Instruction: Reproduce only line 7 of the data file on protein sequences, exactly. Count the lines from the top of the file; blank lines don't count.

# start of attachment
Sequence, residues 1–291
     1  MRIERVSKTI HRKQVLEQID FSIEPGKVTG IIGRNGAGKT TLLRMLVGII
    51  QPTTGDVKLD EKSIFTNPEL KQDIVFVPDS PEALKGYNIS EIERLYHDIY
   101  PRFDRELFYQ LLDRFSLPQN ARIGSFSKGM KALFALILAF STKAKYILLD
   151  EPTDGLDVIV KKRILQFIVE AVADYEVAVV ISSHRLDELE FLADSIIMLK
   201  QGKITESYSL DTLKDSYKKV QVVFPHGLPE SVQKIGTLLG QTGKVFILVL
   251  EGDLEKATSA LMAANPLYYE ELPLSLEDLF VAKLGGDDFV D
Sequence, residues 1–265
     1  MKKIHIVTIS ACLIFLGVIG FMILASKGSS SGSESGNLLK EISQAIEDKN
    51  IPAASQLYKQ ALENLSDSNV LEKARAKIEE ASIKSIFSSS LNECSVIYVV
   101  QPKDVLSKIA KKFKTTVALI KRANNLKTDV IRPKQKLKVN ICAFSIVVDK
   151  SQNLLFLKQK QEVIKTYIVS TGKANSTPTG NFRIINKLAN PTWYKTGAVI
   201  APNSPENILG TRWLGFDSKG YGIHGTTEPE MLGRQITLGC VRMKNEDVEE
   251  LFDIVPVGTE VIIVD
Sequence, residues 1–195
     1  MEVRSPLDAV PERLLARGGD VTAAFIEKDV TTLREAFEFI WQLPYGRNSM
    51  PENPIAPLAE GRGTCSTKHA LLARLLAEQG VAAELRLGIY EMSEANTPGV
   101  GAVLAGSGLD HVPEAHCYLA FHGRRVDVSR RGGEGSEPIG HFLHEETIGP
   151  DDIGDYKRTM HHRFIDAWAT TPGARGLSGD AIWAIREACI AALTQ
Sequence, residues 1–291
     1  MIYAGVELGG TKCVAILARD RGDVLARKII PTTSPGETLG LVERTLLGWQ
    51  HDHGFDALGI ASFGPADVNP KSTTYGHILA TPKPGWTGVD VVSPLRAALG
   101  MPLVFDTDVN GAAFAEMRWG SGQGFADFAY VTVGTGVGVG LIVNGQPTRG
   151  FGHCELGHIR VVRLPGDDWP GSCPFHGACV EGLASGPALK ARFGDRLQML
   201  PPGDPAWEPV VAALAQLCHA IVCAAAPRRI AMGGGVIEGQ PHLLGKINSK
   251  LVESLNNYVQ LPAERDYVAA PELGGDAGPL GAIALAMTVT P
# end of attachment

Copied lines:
   251  EGDLEKATSA LMAANPLYYE ELPLSLEDLF VAKLGGDDFV D